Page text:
Elon Musk’s rocket company SpaceX waited out high winds and worked through a series of technical issues to send its 22nd Falcon 9 rocket soaring into space on Friday to deliver a communications satellites into orbit.
After four delays, the Falcon 9, carrying the SES-9 communications satellite, blasted off from Cape Canaveral Air Force Station in Florida at 6:35 p.m. ET.
Two and a half minutes later, the first-stage of the rocket separated, turned around and headed back toward a platform floating in the Atlantic Ocean.
Musk said that, as expected, the returning first-stage of the Falcon 9 rocket flying Friday made a hard landing on the ocean platform stationed off the coast of Florida. "Next flight has a good chance," Musk posted on Twitter.
Before launch, SpaceX downplayed the chance the first-stage would land intact, due to the higher speed and extra fuel required to boost the six-ton SES-9 satellite toward its intended orbit more than 24,000 miles above Earth.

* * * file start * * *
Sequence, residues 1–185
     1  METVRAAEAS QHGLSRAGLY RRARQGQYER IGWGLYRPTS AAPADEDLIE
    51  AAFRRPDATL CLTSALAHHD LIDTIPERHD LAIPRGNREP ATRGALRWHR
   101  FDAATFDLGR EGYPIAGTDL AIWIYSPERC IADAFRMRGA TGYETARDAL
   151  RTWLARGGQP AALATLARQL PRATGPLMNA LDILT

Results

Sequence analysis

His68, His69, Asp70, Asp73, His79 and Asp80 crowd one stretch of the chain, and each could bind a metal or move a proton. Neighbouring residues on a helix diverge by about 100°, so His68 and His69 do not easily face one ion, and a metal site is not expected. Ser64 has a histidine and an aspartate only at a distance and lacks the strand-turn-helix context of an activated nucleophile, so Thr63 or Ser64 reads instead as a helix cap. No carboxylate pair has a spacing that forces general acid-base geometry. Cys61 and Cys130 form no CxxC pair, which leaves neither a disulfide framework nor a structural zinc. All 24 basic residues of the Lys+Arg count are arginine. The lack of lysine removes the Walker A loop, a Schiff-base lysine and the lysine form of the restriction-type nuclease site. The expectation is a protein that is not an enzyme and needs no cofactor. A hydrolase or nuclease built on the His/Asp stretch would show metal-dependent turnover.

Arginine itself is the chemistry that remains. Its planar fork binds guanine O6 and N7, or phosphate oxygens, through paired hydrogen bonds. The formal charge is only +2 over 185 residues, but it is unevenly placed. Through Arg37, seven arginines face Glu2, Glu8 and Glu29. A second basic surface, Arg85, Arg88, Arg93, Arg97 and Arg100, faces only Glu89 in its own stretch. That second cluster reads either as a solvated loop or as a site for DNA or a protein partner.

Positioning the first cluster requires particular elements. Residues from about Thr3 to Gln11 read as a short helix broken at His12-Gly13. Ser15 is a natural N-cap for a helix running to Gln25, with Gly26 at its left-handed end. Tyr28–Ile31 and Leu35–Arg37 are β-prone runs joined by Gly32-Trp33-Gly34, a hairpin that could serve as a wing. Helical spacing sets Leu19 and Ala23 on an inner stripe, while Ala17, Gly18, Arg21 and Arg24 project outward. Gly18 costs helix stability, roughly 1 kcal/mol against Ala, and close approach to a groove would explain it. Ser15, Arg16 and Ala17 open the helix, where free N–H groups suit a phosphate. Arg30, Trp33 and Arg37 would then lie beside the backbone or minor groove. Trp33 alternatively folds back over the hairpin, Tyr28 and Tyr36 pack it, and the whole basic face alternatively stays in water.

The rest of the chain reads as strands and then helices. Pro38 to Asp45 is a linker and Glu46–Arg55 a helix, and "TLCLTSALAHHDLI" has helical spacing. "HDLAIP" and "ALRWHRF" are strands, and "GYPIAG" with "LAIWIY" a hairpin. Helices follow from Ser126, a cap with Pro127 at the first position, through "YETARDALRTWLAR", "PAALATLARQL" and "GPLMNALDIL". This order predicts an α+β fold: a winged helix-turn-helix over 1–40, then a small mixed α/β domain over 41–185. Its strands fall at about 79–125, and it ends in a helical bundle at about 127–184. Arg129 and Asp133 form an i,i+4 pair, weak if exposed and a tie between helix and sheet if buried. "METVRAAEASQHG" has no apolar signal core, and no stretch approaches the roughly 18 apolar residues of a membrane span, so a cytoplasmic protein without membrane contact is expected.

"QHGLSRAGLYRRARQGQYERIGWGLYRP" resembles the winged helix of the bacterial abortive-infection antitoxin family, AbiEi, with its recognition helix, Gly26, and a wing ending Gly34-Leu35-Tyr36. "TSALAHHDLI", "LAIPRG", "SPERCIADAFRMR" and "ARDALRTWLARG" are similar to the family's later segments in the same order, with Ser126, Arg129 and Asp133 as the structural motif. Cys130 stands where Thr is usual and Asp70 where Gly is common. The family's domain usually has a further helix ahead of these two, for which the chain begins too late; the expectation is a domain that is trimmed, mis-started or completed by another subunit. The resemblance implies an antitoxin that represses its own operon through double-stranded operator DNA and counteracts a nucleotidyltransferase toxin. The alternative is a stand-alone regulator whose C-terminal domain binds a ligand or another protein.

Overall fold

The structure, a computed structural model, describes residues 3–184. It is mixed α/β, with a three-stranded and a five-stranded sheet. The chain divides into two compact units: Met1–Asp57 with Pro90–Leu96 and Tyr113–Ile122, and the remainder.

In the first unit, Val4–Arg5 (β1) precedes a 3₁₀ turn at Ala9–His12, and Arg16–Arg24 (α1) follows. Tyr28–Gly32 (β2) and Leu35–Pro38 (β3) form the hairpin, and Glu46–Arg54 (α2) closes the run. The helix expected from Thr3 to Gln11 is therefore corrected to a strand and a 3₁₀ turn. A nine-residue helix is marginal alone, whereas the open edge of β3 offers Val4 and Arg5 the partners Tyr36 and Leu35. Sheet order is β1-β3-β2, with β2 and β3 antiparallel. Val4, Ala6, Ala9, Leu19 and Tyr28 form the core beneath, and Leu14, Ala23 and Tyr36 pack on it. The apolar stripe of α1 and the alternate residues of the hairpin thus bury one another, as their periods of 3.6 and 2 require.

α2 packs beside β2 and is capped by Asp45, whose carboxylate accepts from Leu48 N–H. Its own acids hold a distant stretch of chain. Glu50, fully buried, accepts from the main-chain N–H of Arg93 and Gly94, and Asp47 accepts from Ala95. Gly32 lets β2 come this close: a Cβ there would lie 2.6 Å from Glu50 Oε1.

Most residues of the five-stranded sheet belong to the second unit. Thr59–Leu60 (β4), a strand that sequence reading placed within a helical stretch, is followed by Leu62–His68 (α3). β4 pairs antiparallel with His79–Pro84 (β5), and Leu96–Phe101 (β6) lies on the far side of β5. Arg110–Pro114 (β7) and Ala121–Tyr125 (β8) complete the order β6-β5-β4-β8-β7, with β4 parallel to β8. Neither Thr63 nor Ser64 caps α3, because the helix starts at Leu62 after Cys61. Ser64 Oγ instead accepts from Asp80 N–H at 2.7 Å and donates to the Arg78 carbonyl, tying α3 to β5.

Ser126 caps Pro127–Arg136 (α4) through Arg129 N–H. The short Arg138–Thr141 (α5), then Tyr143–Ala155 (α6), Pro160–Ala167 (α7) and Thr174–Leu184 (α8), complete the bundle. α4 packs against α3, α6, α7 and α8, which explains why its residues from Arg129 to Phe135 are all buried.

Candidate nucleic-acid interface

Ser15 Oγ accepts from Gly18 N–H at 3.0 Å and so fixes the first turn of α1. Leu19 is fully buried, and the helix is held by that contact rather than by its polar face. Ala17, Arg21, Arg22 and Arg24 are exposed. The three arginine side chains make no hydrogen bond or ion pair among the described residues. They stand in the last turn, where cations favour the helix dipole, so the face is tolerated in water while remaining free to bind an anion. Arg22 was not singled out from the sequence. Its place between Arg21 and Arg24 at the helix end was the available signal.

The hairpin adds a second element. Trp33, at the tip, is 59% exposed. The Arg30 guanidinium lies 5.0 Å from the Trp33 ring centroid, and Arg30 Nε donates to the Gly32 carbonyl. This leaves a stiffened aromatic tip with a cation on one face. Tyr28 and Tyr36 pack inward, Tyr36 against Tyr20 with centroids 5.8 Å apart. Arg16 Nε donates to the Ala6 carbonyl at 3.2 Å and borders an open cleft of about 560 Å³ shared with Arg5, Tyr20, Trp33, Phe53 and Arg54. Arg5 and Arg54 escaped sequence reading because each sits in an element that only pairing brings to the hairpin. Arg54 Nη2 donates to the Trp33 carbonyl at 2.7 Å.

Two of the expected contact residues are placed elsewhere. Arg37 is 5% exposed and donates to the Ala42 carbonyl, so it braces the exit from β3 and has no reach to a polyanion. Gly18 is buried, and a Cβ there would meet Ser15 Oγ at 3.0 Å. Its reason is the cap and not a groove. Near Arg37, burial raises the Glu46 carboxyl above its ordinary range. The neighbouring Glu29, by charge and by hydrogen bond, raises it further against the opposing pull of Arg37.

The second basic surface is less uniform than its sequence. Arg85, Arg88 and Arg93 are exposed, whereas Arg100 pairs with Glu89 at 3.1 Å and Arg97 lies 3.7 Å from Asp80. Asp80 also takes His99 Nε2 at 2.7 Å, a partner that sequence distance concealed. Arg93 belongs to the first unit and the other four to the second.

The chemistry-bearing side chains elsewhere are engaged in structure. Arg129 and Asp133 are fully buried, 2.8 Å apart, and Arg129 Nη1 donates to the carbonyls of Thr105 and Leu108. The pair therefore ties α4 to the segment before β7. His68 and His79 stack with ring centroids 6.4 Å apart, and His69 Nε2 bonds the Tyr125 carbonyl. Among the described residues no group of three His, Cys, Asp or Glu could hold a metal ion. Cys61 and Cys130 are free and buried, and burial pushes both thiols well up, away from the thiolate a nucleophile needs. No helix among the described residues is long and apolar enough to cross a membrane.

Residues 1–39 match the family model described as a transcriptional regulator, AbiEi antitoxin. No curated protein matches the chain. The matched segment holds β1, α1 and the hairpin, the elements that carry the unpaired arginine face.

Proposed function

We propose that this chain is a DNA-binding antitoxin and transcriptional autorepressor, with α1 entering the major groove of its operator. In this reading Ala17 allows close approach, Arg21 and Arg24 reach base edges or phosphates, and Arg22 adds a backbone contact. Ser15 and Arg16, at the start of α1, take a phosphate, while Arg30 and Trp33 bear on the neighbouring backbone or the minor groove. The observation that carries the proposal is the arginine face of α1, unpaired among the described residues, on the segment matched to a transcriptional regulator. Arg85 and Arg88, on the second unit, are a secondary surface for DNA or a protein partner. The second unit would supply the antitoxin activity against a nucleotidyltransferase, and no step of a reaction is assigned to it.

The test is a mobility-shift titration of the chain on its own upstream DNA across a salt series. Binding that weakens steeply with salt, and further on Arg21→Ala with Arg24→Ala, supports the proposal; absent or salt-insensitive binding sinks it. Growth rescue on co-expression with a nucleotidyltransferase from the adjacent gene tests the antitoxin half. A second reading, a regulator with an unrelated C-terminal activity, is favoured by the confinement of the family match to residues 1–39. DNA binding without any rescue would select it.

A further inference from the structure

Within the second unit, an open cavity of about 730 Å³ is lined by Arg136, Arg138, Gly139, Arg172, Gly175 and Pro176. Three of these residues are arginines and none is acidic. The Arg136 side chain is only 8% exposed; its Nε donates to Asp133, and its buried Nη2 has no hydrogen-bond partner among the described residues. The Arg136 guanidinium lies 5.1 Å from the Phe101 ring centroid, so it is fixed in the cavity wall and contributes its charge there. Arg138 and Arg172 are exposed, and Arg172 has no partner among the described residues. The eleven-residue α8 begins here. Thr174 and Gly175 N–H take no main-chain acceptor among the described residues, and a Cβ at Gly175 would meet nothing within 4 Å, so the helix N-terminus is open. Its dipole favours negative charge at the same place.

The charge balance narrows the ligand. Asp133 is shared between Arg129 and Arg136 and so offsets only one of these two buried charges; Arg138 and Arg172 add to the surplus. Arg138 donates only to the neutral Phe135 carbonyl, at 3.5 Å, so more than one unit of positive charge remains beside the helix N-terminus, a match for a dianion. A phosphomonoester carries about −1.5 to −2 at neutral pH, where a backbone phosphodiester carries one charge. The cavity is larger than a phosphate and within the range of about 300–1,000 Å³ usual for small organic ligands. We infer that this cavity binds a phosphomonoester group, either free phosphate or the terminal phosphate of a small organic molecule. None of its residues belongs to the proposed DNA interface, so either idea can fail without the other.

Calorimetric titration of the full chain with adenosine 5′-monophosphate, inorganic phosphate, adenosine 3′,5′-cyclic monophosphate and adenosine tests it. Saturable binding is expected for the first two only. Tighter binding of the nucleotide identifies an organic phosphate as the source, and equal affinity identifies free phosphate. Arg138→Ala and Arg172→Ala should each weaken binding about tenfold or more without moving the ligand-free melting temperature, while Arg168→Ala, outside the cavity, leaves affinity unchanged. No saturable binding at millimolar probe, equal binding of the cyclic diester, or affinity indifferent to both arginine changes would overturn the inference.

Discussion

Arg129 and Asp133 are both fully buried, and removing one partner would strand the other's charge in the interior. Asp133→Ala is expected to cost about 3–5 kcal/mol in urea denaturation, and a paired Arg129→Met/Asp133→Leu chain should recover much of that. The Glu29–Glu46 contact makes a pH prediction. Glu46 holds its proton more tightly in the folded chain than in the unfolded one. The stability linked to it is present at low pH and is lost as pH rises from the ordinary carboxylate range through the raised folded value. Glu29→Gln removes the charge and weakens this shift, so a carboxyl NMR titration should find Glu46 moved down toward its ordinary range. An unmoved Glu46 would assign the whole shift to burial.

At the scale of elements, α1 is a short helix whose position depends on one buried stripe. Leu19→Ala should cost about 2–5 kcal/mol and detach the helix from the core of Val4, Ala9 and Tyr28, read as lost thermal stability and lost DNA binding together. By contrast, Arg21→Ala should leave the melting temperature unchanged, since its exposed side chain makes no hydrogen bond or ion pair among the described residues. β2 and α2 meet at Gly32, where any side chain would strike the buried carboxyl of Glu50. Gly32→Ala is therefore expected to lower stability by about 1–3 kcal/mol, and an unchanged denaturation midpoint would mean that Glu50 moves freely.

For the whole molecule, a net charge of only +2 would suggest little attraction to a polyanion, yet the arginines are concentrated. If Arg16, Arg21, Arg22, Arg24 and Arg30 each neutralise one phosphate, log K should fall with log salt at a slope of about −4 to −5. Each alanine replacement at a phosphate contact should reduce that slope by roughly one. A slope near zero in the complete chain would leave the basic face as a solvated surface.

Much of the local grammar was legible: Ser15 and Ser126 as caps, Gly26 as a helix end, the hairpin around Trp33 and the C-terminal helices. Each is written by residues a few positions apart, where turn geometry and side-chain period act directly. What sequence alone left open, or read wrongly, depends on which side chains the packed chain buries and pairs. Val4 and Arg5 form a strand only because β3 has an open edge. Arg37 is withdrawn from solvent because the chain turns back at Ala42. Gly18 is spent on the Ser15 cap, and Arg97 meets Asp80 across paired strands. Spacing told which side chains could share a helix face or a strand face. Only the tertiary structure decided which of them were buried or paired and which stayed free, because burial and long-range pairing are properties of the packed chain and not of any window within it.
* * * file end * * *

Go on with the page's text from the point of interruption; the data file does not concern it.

SpaceX successfully landed a Falcon rocket first-stage on a landing pad at Cape Canaveral in December. The rocket flying on Friday was going too fast to attempt a return to land, so SpaceX dispatched one of its sea platforms instead.
Three previous attempts to land in the ocean have failed. SpaceX came close to nailing the landing during its last try in January, but after touching down one of the rocket’s stabilizing landing legs failed to latch and the rocket fell over and exploded.
SpaceX is looking to fly more than 12 Falcon rockets this year, including the first flight of its 27-engine Falcon Heavy booster.